At least 1,000 sex offenders have avoided criminal records over the past two years by apologising to their victims.
Police gave out ‘community resolutions’ in 1,064 such cases in 2021 and 2022, including several involving child rape.
Use of out-of-court sanctions for sexual assault doubled in just 12 months despite promises to take violence against women and girls seriously after Sarah Everard’s murder by Scotland Yard officer Wayne Couzens.
The number of times the penalty has been deployed in all sexual offences increased by 53 per cent, Home Office figures show.
A community resolution, which involves an offender admitting responsibility, is meant to be used by police officers for low-level crimes.
It might involve an agreement to pay compensation, a rehabilitation activity or a ‘restorative justice’ meeting between the victim and offender for an apology.
Analysis of the official figures shows the sanction was used to settle 643 sex crimes – including rapes, sexual assaults, grooming and flashing offences – in the year to March 2022, which is 53 per cent more than the 421 seen in the previous year.
The number of sexual assault cases being resolved by police in this way has doubled from 178 in 2021 to 371 in 2022.
Last year Lincolnshire Police handed out the penalty in four child rape cases, including one involving a girl under 13.
Officers in Nottinghamshire also used the sanction following two rapes of girls under 13, while police in Norfolk used it in the case of the rape of a young boy in 2020.
Use of out-of-court sanctions for sexual assault doubled in just 12 months despite promises to take violence against women and girls seriously after Sarah Everard’s murder by Scotland Yard officer Wayne Couzens
Some of the sexual offences may have occurred between consenting underage children where, although the incident is recorded as a crime, police believe it would be too severe to take a teenager to court for punishment. But the figures also show that community resolutions are being handed out for adult offences, including sexual exploitation of a child.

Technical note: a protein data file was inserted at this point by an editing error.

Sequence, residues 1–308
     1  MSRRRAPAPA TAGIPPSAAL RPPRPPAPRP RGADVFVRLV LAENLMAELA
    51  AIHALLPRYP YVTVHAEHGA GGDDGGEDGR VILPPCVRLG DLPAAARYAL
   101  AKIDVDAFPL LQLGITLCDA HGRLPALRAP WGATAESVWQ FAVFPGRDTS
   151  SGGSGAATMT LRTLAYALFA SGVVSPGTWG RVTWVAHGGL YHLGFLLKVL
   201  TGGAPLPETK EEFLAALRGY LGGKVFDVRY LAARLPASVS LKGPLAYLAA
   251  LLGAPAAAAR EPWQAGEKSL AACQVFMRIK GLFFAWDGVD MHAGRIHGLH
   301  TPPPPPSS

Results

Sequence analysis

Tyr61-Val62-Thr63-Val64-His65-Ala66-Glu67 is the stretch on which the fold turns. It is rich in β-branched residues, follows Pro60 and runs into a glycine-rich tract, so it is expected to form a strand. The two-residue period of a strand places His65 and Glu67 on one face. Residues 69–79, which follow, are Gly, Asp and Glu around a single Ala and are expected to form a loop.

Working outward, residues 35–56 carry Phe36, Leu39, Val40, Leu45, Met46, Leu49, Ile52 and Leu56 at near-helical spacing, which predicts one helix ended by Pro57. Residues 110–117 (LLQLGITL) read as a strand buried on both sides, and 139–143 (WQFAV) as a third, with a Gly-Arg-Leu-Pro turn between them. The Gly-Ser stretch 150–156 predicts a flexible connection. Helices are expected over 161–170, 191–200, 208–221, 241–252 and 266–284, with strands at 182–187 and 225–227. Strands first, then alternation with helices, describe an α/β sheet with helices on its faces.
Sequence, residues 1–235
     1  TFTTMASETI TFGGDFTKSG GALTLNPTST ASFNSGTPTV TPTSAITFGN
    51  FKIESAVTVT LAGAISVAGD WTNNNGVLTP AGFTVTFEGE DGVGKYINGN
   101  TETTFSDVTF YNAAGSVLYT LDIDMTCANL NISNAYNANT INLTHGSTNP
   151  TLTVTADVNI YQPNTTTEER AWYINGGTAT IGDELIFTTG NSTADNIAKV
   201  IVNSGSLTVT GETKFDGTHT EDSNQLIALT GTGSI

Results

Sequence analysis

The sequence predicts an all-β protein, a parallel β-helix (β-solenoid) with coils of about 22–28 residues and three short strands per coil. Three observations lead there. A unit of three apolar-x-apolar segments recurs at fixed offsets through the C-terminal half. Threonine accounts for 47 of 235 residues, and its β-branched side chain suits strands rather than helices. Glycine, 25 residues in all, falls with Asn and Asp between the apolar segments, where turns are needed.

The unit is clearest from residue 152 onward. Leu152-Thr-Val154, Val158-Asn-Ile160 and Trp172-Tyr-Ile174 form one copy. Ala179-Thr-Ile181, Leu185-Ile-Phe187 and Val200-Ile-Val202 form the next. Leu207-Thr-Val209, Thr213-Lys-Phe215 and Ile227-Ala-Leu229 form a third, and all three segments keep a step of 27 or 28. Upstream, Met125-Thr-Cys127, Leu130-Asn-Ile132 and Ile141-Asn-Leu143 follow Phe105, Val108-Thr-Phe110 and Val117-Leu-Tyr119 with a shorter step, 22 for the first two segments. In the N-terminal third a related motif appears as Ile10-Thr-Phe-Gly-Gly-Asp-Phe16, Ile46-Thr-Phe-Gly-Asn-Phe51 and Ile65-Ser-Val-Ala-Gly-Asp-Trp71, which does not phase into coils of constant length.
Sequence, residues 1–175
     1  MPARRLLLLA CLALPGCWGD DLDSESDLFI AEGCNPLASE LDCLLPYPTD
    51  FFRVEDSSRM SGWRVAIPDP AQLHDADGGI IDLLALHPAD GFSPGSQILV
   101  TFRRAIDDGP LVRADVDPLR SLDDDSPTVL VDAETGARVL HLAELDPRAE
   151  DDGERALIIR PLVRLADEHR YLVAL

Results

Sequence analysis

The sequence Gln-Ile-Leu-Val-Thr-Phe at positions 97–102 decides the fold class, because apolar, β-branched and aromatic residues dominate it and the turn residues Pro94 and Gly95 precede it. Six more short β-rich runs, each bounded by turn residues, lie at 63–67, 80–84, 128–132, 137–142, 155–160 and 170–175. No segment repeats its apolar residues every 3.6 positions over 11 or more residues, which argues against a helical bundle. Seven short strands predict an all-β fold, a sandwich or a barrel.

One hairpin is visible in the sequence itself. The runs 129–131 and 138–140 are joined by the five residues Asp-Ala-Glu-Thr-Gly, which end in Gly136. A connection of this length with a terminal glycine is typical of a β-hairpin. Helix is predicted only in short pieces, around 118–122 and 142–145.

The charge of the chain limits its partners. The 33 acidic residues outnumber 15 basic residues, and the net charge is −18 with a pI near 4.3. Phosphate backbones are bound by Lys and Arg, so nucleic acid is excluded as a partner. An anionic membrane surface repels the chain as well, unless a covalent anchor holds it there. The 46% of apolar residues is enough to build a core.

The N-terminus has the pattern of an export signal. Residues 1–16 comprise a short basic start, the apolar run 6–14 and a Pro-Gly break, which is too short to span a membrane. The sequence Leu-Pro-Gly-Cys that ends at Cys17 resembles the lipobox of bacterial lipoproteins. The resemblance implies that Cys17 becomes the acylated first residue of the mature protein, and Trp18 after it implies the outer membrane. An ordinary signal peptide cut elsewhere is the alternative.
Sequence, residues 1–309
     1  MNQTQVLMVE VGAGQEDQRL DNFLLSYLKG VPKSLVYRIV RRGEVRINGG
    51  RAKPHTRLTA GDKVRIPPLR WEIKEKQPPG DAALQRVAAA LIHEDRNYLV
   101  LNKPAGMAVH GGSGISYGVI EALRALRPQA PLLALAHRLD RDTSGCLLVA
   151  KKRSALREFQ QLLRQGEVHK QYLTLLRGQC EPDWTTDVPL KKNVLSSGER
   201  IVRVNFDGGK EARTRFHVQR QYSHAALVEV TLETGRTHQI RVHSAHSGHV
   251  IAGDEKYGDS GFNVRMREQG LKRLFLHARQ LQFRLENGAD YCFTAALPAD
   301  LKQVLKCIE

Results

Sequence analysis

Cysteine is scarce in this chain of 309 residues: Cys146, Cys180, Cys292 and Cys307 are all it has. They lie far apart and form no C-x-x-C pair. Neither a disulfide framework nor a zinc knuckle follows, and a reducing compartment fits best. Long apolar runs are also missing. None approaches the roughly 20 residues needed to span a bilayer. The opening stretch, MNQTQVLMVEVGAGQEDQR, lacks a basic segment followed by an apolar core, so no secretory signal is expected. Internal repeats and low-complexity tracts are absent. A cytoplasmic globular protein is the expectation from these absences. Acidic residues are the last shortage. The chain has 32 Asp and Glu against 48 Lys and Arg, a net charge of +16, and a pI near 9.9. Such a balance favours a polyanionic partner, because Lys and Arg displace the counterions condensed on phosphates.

Police chiefs say the penalty is normally used in relation to sexual offences only if the victim is content for the crime to be dealt with in that way.
But Jayne Butler, chief executive of Rape Crisis England and Wales, said: ‘We do not believe that restorative justice or community resolutions are appropriate remedies for sex offences, or other forms of violence against women and girls. Justice solutions such as these minimise the severity of sexual violence and its impact on survivors and fail to acknowledge the inherent power dynamics at play in these types of crimes.’
She added: ‘It’s important to understand that even so-called “low-level” forms of sexual violence can be extremely traumatising. Whilst perpetrators are being given second chances, victims and survivors are left to deal with the impacts of their experiences.’
Commander Alison Heydari of the National Police Chiefs’ Council insisted that community resolutions were ‘typically applied where schoolchildren share inappropriate images or in cases of sex between underage children’.
‘We have made it clear that out-of-court disposals are not to be used in serious cases,’ the Met officer added. ‘Officers take into consideration all circumstances of a case, with victims’ wishes at the centre of our decision-making.
‘Community resolutions and other out-of-court disposals are only used in a very small number of sexual offence cases.’
Baroness Casey’s report into Scotland Yard – commissioned after Miss Everard’s murder – gave an alarming picture last week of how the force deals with sexual offences. Rape cases are being dropped because samples are kept in ‘over-stuffed, dilapidated or broken fridges and freezers’.
One officer told her review that rape detection rates were so low ‘you may as well say it is legal in London’.
Couzens exposed himself to two terrified female attendants at a McDonald’s drive-through in Kent – the last attack just three days before he snatched Miss Everard from a street in south London in March 2021.
Scotland Yard was given his description, car registration and bank card details yet officers failed to investigate until he was arrested for the abduction and killing.
A woman flashed by Couzens, who has been jailed for life, said: ‘If he had been held accountable when we had reported the crime, we could have saved Sarah.’